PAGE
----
Ideal ideas are not original but variations of a form, marrying innovation and immediacy to different frameworks. Advertising goes wrong in its search for originality, says Faris Yakob, when it confuses originality of content with originality of form.

“General advertisers and their agencies know almost nothing for sure because they cannot measure the results of their advertising. They worship at the altar of creativity, which really means originality, the most dangerous word in the lexicon of advertising.” (Ogilvy)

Ogilvy was no fan of creativity without efficacy, but he falls into the same trap that many people do when considering creativity by conflating it with originality. We do worship at the altar of originality, as though every idea has sprung from a blank slate rather than being a function of inspiration, culture and constraints.

Advertising is made of and for media. All media settle into established tropes and typologies. Sonnets are only sonnets because they obey the rules that make them sonnets. Early pioneers establish tropes. Later generations learn those rules in order to deviate from them to build higher orders of meaning on their shoulders. Clichés start out as compelling aphorisms. When they become too successful their overuse deflates their impact and so innovators look to modify them, playing to the understanding of a media-literate audience.

Ideal ideas are not original but rather variations on a form, marrying innovation and immediacy to existing frameworks. A dash of the familiar makes something palatable, a hint of the strange makes it interesting. This makes sense in terms of cognitive processes. Our attention system is a pattern recognition engine, looking for repeatable phenomena to simplify how we navigate each day. When a baby first drops a ball, it has no idea what will happen. Enough repetitions adjust its model of the world and by two months old babies have grasped the idea of gravity. Once that pattern is established it will no longer trigger attention – only disruptions will. We are drawn between the opposing poles of familiarity and novelty. That’s why the label ‘new and improved’ is ubiquitous in consumer goods packaging, despite being an oxymoron. It promises reliability (improved) and novelty (new) at the same time – a mythic collapse of an inherent contradiction.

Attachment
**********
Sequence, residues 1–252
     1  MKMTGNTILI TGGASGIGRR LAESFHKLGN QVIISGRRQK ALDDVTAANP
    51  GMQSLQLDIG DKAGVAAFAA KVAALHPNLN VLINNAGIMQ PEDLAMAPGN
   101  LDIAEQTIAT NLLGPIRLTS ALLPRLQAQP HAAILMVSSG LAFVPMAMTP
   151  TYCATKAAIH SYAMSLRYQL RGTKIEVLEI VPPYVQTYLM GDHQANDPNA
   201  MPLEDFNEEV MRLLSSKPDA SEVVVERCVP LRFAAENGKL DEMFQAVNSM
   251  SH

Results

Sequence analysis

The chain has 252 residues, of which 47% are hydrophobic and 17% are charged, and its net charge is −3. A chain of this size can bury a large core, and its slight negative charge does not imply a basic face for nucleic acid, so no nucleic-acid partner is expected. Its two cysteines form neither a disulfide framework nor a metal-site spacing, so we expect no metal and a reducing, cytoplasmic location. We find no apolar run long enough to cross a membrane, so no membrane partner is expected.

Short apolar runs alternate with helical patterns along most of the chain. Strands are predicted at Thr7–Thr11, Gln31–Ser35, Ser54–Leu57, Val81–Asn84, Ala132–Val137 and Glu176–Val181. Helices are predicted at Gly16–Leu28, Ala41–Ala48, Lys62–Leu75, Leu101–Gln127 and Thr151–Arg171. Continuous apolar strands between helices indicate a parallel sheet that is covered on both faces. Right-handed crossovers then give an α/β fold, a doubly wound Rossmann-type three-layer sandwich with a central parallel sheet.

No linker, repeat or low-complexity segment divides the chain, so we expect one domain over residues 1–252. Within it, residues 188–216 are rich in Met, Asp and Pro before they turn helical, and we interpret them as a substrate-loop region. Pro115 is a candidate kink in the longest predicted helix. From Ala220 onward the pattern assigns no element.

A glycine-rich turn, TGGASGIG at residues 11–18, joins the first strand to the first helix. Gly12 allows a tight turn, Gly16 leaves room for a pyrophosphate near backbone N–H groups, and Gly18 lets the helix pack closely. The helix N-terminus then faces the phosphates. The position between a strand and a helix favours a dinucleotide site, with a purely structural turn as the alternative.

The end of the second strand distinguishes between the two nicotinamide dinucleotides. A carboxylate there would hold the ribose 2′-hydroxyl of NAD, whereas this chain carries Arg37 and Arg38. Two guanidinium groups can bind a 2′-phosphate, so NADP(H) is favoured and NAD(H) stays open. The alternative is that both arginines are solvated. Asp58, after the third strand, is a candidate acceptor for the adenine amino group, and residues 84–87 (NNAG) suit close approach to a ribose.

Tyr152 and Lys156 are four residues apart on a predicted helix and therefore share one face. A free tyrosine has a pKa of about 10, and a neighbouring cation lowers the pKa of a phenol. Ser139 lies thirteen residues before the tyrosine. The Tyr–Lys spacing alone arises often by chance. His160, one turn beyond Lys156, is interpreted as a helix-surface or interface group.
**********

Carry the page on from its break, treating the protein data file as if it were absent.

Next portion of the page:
The first television commercial for Bulova Watches aired over 75 years ago. Since then, key formulae have emerged for successful advertising and we would thus assume that the most successful ads would use those formulae in innovative ways. The scientific evidence supports this.

In a paper called The Fundamental Templates of Quality Ads, an academic research team analysed 200 award-winning commercials and established that 89% could be classified into just six categories. IPA research shows that award-winning ads are 11 times more commercially effective than those that do not win awards, so we can use this as a proxy for efficacy. To quote from the study: “The research suggests that successful advertisements share and are characterised by abstract patterns termed creativity templates.” These formulae are: (1) Extreme Consequences (the Lynx Effect); (2) Pictorial Analogy (Sony Balls); (3) Extreme Situations (Dumb Ways to Die, Epic Split); (4) Competition – against anything, not necessarily competitive brands but could be (Comcast Rabbit, Energizer Bunny); (5) Interactive Experiments (Whirlpool Care Counts, Fabreze Breathe Happy); (6) Dimensional Alteration – in which the ads change some parameter such as size or time (Guinness noitulovE, Carlton Draught Big Ad, Morton Salt, and OK Go The One Moment).

The researchers then tried to classify other ads for the same products that didn’t win awards and found that only 2.5% of them fit the templates. Then the researchers experimented to see if the frameworks could create good ads by design. Two groups were briefed to come up with ideas, one equipped with the templates. The results from the latter group were judged to be more creative using standard pretesting methodologies.

We continually confuse originality of content with originality of form. As media typologies become established, the tropes, and then the form itself, become less resonant. Sonnets do not have the same cultural salience they once did. There is only so much a brand can do in 30 seconds of film or a print ad or poster but fortunately we are no longer restricted to such. The NEW @ LIA Awards (which I co-created and continue to curate) were designed to embrace such novelty of form, to encourage experimentation that might lead to new media typologies for brands. To make award-winning successful advertisements, use a formula. To make something original, seek new forms.